Surface engineering is a promising strategy for reducing or eliminating fouling, as it can be applied to any material and eliminates requirements for chemical addition and/or pre-treatment.3,11,19–25 Previous investigations have shown that fouling can be reduced by altering surface energies,26–29 addition of a protective lubricating layer,26,30 deposition of zwitterionic polymers,22,31,32 and designing materials with micro-patterned chemistries.24,33 Despite substantial progress in this area, anti-fouling material coatings often underperform in real conditions due to the presence of multiple classes of foulants in a given water source. For example, the simultaneous elimination of both biofouling and mineral fouling is challenging because surface strategies to eliminate one may induce vulnerability to the other. Similarly, the presence of surfactants alters energetic interactions and can, thereby, lead to coating failure.34 Coating failure due to multiple chemistries is also possible in waters that only contain dissolved minerals as well, as different crystallization mechanisms, crystal habits, and chemical interactions lead to different energetics between crystals of different chemistries and the underlying solid.28,35 Thus, a material that successfully eliminates crystallization of one salt (for example, gypsum or halite), may, nevertheless, be vulnerable to another (e.g., calcite or silica).4,35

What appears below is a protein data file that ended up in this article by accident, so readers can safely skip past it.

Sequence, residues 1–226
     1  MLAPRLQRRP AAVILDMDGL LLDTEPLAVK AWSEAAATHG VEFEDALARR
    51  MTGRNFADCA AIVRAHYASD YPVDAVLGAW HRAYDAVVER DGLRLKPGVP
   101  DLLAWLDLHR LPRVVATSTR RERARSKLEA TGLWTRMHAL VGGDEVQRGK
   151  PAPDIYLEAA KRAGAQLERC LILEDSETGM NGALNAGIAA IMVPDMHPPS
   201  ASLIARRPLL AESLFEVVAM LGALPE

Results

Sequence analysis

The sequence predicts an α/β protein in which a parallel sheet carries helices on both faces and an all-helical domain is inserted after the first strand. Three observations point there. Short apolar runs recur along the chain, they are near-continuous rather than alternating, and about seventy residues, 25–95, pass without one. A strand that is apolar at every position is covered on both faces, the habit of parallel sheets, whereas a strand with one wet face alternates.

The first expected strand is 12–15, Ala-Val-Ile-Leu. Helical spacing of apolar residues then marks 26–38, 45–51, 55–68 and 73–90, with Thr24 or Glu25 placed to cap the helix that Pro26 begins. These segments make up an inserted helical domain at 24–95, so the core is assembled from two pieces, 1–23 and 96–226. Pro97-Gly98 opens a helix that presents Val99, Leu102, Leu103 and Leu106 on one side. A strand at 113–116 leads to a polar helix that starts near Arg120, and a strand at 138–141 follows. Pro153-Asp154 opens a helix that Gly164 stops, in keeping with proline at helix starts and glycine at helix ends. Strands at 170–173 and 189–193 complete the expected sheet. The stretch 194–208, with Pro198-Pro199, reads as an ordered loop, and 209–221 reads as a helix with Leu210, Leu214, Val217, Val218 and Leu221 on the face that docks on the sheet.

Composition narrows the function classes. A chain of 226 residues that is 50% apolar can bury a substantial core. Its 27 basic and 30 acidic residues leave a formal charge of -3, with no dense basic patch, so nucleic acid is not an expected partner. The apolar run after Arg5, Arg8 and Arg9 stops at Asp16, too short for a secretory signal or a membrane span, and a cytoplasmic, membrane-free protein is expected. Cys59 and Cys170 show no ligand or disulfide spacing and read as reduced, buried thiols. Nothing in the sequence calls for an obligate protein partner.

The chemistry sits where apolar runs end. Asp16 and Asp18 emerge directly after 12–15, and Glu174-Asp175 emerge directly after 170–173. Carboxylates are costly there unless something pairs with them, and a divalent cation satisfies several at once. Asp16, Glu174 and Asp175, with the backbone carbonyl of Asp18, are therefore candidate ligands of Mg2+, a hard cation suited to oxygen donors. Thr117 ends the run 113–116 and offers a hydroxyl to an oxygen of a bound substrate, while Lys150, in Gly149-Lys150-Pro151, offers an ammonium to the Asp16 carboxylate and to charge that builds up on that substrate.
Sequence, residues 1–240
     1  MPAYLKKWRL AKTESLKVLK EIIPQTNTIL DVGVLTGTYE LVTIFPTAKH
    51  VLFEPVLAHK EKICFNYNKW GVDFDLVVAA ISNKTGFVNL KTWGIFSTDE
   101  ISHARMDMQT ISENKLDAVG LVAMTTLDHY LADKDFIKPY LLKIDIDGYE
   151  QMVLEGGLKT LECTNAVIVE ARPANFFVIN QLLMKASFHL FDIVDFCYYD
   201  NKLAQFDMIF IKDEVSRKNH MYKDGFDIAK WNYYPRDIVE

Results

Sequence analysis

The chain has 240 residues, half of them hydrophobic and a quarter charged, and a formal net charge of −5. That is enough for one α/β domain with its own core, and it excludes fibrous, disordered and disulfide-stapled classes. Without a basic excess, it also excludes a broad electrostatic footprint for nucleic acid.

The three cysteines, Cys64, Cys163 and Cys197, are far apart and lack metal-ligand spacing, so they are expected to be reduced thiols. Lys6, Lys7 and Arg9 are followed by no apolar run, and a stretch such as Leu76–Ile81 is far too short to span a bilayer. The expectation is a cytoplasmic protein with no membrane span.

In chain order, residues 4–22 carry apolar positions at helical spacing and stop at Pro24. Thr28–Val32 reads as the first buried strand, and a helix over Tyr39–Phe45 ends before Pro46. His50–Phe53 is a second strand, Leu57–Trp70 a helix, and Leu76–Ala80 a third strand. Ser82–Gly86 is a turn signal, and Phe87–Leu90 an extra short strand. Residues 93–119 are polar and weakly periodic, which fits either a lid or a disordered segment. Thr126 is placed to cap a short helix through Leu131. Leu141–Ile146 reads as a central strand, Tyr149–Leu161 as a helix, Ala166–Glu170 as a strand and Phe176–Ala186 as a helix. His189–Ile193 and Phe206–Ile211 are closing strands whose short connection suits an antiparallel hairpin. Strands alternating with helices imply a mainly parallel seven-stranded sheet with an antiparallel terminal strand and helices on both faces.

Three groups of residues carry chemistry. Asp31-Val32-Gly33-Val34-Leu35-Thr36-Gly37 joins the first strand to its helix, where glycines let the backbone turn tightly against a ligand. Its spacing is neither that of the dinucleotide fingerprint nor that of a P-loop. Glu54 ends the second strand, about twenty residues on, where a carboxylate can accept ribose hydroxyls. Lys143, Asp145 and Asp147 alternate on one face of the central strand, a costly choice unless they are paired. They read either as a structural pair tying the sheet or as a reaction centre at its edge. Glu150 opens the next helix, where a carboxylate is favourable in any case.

Superhydrophobic (SH) surfaces, which are created by a combination of a micro- and/or nano-scale texture with a hydrophobic surface chemistry,36 have generally been unsuccessful in eliminating mineral fouling.11,37,38 One reason for this failure is the ability of crystals to grow within micro-scale textures39–41 and, thereby, reduce surface hydrophobicity and disrupt stability of the air trapped within the surfaces.42,43 However, a recently discovered phenomenon introduces new possibilities for superhydrophobicity as an anti-scaling surface strategy.38,39,44,45 This effect, called either the crystal critter effect39 or simply self-lifting crystals,38 occurs when saline drops of water are evaporated on hydrophobic materials with textures that do not allow for crystal intrusion. Crystal structures self-eject as a consequence of evaporative flux combined with a lack of adhesion to the substrate.
The growth of a typical “crystal critter” is shown as a function of time in Fig. 1(a). A 5 µl drop of saline water (saturated with NaCl) adapts an initial contact angle (θo) after being placed on a nano-textured SH substrate heated to 85 °C (see section titled Experimental). At first, crystals form at the air/water interface due to evaporation.37 As evaporation progresses, the remaining water will eventually de-wet from the SH surface due to preferential wetting of the newly formed hydrophilic halite crystals. The time at which this occurs is called the lift-off time (tL) because crystal growth after this point occurs primarily in the vertical direction between the crystal structure and substrate. On SH surfaces, this growth leads to the formation of crystalline legs that lift the entire crystalline mass off of the substrate due to continued evaporative flux at the solid surface. These crystalline legs grow to a height (h) by the time evaporation is complete (tE) and will grow longer and faster at higher temperatures.39 In contrast to the critter/ejection effect, a drop evaporated under the same conditions except utilizing a smooth, hydrophobic surface simply forms an igloo-like structure without ejecting,37,39 as shown in Fig. 1(b).